By Michael E. Miller
By Ryan Yousefi
By Kyle Munzenrieder
By Sabrina Rodriguez
By Michael E. Miller
By Carlos Suarez De Jesus
By Luther Campbell
By Kyle Munzenrieder
When Metro-Dade Police Cmdr. Antonio Prieto transferred Sgt. David Simmons out of the Juvenile Investigations Bureau to a patrol unit eighteen months ago, the comment most frequently heard among Simmons's subordinates was, "What a joke."
Exile a recognized expert in the field of child-abuse investigation? "What a joke." Risk dashing the morale of Simmons's highly motivated squad? "What a joke." Dispatch one of the department's finest detectives to break up domestic disputes in Liberty City? "What a joke."
The joke, as it turns out, is on Prieto. And on the Metro-Dade Police Department. And on county taxpayers, who will foot the bill for its long-overdue punch line.
After his involuntary transfer, the 45-year-old Simmons, who joined the Metro-Dade force in 1973, filed a grievance against the county, requesting reinstatement to an investigative position in another detective bureau. His superiors balked, and the complaint spurred a costly legal battle that culminated in a three-day arbitration hearing this past January. (The case was the subject of the April 27 New Times story "No Comment.")
Three weeks ago arbitrator Edward Pereles issued a fifteen-page opinion in which he scolded Metro-Dade officials for violating their own labor contract with police and ordered that Simmons's year-and-a-half-old request be granted.
The problems began in 1990, when Simmons joined the Child Exploitation Unit, which investigates the physical and sexual abuse of minors. His annual evaluations portray him as a model supervisor with "an incredible ability to motivate his personnel." His handling of various high-profile cases often cast him in the spotlight; the Miami Herald's Tropic magazine devoted an entire cover story to his pursuit of the notorious Pillow Case Rapist, and crime writer Edna Buchanan lauded him in her books.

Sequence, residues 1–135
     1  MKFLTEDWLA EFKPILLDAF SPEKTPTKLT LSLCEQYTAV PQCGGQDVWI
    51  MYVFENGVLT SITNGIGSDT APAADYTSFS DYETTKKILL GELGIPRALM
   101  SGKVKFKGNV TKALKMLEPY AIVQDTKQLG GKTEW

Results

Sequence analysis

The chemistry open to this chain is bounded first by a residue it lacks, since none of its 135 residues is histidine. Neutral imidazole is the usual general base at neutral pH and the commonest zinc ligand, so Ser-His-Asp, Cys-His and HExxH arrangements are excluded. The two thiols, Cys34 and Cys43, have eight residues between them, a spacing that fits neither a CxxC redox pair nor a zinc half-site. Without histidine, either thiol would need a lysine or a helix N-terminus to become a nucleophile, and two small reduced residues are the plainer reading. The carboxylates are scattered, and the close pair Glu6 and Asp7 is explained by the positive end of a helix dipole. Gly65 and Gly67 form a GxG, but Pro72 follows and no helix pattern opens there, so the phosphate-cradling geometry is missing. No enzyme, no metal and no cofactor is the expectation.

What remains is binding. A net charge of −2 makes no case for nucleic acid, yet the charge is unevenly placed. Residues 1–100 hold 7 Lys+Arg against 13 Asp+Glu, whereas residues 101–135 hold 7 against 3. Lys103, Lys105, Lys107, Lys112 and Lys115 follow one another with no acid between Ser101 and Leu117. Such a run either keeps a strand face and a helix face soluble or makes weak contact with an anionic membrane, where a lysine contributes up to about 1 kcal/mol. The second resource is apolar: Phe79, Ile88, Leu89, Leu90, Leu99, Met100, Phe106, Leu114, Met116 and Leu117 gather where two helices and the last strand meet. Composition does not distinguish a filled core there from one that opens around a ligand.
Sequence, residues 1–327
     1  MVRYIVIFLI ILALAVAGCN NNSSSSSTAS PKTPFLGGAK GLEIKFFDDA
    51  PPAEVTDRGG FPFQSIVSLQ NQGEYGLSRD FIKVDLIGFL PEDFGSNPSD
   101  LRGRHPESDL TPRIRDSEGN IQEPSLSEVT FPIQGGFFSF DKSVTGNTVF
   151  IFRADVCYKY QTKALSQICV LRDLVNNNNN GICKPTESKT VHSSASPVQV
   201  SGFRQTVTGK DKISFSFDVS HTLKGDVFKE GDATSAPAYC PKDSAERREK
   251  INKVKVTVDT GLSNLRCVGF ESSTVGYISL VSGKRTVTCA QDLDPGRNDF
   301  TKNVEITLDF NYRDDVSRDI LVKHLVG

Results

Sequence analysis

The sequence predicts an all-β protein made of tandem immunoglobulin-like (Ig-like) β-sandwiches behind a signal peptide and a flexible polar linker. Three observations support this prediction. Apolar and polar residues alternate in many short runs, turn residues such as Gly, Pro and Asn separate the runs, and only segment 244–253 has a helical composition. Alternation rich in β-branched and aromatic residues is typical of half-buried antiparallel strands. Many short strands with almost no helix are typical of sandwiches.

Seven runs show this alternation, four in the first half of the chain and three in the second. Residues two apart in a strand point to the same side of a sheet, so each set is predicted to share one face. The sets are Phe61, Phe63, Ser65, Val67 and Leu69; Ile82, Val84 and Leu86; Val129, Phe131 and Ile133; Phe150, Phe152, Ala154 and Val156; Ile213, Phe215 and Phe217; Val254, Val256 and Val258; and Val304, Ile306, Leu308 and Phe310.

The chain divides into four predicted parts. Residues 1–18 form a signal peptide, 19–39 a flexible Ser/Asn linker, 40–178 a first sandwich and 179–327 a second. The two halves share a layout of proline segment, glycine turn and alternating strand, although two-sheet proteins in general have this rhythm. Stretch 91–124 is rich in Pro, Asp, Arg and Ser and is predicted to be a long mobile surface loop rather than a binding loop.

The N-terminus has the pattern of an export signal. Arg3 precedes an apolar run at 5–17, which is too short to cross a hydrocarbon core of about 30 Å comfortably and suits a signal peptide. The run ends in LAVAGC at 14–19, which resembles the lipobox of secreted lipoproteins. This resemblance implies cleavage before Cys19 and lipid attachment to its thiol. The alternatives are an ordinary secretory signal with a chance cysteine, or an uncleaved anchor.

But in 1992 Simmons ran afoul of Prieto, who felt he was too friendly with the media. The conflict came to a head in October 1993, when the commander called Simmons and one of his subordinates into his office and told them to "find a home" outside his bureau.
Simmons was bewildered by the transfer and infuriated to learn he would be moving to a patrol unit in Liberty City, the same beat he had worked 22 years earlier as a rookie. His grievance bounced up the chain of command and eventually was denied by police department director Fred Taylor, forcing the matter into arbitration.
The arbitrator's June 9 ruling boiled the dispute down to its essentials. Pereles notes that the principal reason for a transfer, as set forth in the negotiated agreement between police and the county, "is to improve the effectiveness or efficiency of the department. However, with regard to the transfer of Simmons, this arbitrator cannot find evidence to support an improvement in either the effectiveness or efficiency in the department. In support of the transfer, the county only offered the argument that Simmons was a 'burr' to Commander Prieto. In what way? Did he refuse an order? No. Did Simmons fail to do something he was required to do? No. Did he do something illegal? No. Although Commander Prieto states that Simmons violated his guidelines, Commander Prieto was unable to testify as to what Simmons did." Pereles also noted that the transfer seemed to have been "an alternative to discipline," another violation of the police contract. In conclusion Pereles's ruling states that "the grievant shall be promptly placed in an investigative detective's position commensurate with his ability and previous experience."
Both Simmons and Prieto declined to comment on the verdict. Carole Anderson, the assistant county attorney who argued Metro's case during arbitration, says she has ordered the county to "find a new home for Simmons." Lt. Linda O'Brien, a police spokeswoman, says Fred Taylor has already assigned staffers to scout available positions for Simmons. "But no action will be taken until the director has a chance to review the decision," O'Brien adds. (Taylor was out of town last week.)
In the meantime, Simmons, a 22-year veteran recognized as one of the department's finest investigators, remains in Liberty City, overseeing a squad of six patrol units.